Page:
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Our PROJECT & PROGRAM MANAGEMENT white paper mini-series continues with:

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Sara Masterson, MBA

Project and Program Management: Navigating Timelines with Empathy, Experience, and Intention

Project management (PM) is a critical function in every organization, to drive preparation, execution, & completion of operational activities that support overarching corporate or strategic goals.  The most important, defined output from project management is typically on time delivery of appropriate quality within budget. This is accomplished in part through the identification, assessment, management and mitigation of risks that inevitably present themselves along the way.  Successful project management offices (PMO) have a diverse set of tools at their disposal, are composed of individuals with high emotional intelligence, and most importantly, actively identify and deploy the most appropriate leadership style when working as part of a team. These three key factors directly contribute to programmatic success propelling project teams through challenging situations to success.

Tools of the PMO
There is a range of commercially available, and commonly used, PM tools for project planning, timeline tracking and Gantt development such as Merlin™, MS Project™, SmartSheet™ and others. It would be difficult to indefinitely choose one platform or template - even when specific line items are invariably found within every project plan.  Any tool utilized is only as good as the plan which it is used to build and must be effective for both the project management office and, more importantly, for the project team and key stakeholders.  The tool must work for each individual on the team and be easily understood.  As the individuals on the project team change, the way in which the project is managed may also need to evolve. For example, a detailed Gantt chart with all interdependencies mapped, including hundreds or even thousands of individual tasks is often useful for coordinating, communicating and tracking details within the context of the technical project team.  However, in communicating with management it is usually important to respect their busy schedules by preparing a high-level summary of critical path and key risks only. Similarly, one summary timeline may be inadequate to communicate key program risks when uncertainty is high – a common scenario in CGT development projects.  In such cases, it may be advisable to construct base, downside and upside case timelines to adequately communicate key program timeline uncertainties and risks. The approach taken to the deployment of tools will heavily depend on the audience and intent of the communication (e.g., supporting preplanning, execution, and tracking of completion of goals). It should be recognized that project governance tools are only a tracking mechanism and do not drive activities to completion which is why it is of utmost importance to place most of our focus on the people who are responsible for ownership and oversight of execution.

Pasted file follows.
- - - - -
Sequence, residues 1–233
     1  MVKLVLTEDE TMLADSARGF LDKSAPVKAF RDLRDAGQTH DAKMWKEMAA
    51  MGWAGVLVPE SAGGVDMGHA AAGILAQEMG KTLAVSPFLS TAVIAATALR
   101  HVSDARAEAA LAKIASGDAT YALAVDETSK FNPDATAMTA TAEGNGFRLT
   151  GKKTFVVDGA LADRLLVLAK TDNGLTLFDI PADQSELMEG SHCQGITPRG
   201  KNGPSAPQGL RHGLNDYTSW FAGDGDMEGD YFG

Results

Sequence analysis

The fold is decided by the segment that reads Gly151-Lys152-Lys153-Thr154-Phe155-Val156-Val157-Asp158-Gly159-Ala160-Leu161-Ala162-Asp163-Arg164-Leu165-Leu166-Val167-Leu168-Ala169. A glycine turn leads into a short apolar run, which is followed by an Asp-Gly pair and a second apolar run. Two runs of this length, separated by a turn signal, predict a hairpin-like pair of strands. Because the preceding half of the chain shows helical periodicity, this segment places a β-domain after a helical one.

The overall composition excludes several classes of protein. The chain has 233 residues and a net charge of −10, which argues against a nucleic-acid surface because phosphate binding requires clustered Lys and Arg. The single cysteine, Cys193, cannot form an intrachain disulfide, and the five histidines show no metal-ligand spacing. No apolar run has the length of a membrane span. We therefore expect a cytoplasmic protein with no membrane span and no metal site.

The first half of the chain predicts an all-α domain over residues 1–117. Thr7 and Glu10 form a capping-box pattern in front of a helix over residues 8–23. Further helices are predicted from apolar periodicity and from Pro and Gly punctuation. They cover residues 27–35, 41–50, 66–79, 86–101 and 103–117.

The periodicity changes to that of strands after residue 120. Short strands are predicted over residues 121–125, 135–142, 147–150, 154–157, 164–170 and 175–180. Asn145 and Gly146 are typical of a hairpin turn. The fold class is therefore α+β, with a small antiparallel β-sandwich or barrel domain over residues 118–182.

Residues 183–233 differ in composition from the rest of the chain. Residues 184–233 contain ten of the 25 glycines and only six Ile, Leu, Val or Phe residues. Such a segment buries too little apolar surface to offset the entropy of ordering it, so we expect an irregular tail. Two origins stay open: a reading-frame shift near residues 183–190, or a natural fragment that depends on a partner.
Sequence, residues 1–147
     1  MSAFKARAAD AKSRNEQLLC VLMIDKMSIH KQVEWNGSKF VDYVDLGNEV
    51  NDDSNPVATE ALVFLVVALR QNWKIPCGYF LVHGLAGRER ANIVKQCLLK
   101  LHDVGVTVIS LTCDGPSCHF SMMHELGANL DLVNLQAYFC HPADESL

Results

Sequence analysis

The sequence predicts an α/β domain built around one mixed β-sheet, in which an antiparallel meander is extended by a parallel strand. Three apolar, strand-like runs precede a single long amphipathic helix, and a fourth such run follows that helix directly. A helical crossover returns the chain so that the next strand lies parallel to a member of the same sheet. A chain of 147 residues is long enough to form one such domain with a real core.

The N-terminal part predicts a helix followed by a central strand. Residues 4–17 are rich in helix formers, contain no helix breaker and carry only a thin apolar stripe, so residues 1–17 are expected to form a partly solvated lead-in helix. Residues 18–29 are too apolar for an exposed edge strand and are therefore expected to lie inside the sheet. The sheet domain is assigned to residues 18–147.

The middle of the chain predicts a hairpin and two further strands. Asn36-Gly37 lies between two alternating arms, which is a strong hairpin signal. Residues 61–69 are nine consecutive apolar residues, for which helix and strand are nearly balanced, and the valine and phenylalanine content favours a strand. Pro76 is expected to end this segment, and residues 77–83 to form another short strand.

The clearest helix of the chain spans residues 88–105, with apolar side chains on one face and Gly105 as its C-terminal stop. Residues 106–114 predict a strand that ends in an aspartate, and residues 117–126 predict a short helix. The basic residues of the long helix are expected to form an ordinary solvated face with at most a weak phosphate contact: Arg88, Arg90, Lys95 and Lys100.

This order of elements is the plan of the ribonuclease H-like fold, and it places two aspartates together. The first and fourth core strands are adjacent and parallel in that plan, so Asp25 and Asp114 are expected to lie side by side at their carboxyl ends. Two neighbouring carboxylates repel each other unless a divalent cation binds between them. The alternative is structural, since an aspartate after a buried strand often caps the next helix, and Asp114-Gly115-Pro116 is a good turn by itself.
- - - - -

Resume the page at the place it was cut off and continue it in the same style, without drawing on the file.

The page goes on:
In addition to timeline and Gantt tools, a PMO office will need additional skills and templates to support an organization’s activities, including and certainly not limited, to RACI (responsible, accountable, consulted, and informed) matrices, risk registers, project dashboards and communication plans. Similar to the timeline or Gantt development, there is no one correct way to develop additional tools, but not having these tools may pose preventable project challenges. Ensuring project teams have clear roles, responsibilities, and communication channels eases management of roadblocks as they arise.

The Human Elements
As we think about the appropriate tools to use, an equally important consideration is the team culture that already exists and what will develop as a part of the working environment.  Understanding the circumstances in which your colleagues and clients are operating, and their related emotions, is critical to a project manager’s ability to drive success of the team.  One of the best ways in which we can directly relate to the people we are working with is to have previously experienced, in some capacity, what they are experiencing daily in relation to meeting the demands of the organization.  Having previously held a role similar to the roles of current team members positions, the project manager to make direct correlations and further empowers them to provide support consistent with the environmental factors at hand. In lieu of direct experience, taking time to develop rapport with the project team members, listening to understand, and striving to create a space for open communication will aid the project manager in relating to the project team. An effective project manager will take time to put oneself in teammates' shoes and think about their motivations. To take this further, one may consider performing Myers-Briggs Type Indicator® (MBTI®) and other ‘ways of working’ analyses as part of project team kickoffs.  Being able to establish direct connection helps build trust and gives the team an increased comfort level for informing the project manager of potential roadblocks.